Saturday, June 29, 2013

Alameda Street Sighting - 1952 Dodge B-2B Job Rated Pickup

GMC likes to market itself as "Professional Grade". That tagline implies that GMC trucks are built to work hard and will hold up under the stress of whatever job they do. This kind of statement is nothing new. As long as the truck could reasonably live up to the claim, manufacturers would trumpet it loudly. And some even bolted that claim onto the front of their trucks. Long before Dodge spun its truck line off to become RAMs, they built these, the Job-Rated B-Series pickup.

Job Rated was a term coined in 1939 to describe a range of Dodge trucks built for a spectrum of jobs. Lighter duty trucks would serve general pickup use, all the way up to big commercial rigs hauling or towing heavy payloads. Dodge introduced all-new trucks for 1948 with the B Series, beginning with the B-1. These trucks were improved over the pre-war design that, while visually interesting, was woefully outdated by the time it was phased out. The 1948-1953 trucks, in my opinion, are not the prettiest things out there. However, they do have a certain toughness to them.











This one appears to be a 1952 B-2, or close to it. Judging by the tough-looking tires it could be a 4x4 model, but the lack of a visible solid front axle makes me wonder if it's just a 2WD truck with beefy rubber. It's a badass hauler in dark green with black steel wheels and minimal brightwork. It reminds me almost of an old Buddy L toy in large scale (complete with paint chips and play wear). The only chrome or stainless pieces on the whole truck are the hubcaps, headlight bezels and D-O-D-G-E badge on the grille. Note the small "Made in USA" stamped into the middle D on the emblem. Cars these days usually have their point of origin listed on the window sticker, broken down into parts content percentages. Made in USA tends to be a decision made by 'foreign' automakers to save money on shipping and to curry favor with Americans by bringing in new jobs. American automakers frequently outsource to Canada, Mexico or any number of other countries for cost cutting and whatnot. It's become a novelty for Chrysler to advertise its cars as "Imported from Detroit" (which is also false in the case of the Canadian-built Chrysler 300 and Town & Country minivan). Sigh.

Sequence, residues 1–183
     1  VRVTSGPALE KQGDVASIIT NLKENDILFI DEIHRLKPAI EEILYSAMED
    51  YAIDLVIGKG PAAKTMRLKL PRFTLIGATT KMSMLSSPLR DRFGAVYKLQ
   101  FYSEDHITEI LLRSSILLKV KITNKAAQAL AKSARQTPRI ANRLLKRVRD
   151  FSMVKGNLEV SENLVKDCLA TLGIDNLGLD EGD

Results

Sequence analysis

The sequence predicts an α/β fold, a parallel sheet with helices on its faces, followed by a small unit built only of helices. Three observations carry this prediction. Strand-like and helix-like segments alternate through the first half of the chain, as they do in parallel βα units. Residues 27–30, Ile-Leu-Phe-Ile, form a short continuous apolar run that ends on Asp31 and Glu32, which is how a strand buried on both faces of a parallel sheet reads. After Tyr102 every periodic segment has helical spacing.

Anyway, cool truck. It's nice to see an early 1950s pickup that isn't a Chevy.

3 comments:

  1. Nice find. I own a 1948 Dodge B-1-B series truck. These trucks were also known as the Pilothouse trucks because of their much improved cab space and larger front window

    ReplyDelete
  2. Nice find. I own a 1948 Dodge B-1-B series truck. These trucks were also known as the Pilothouse trucks because of their much improved cab space and larger front window

    ReplyDelete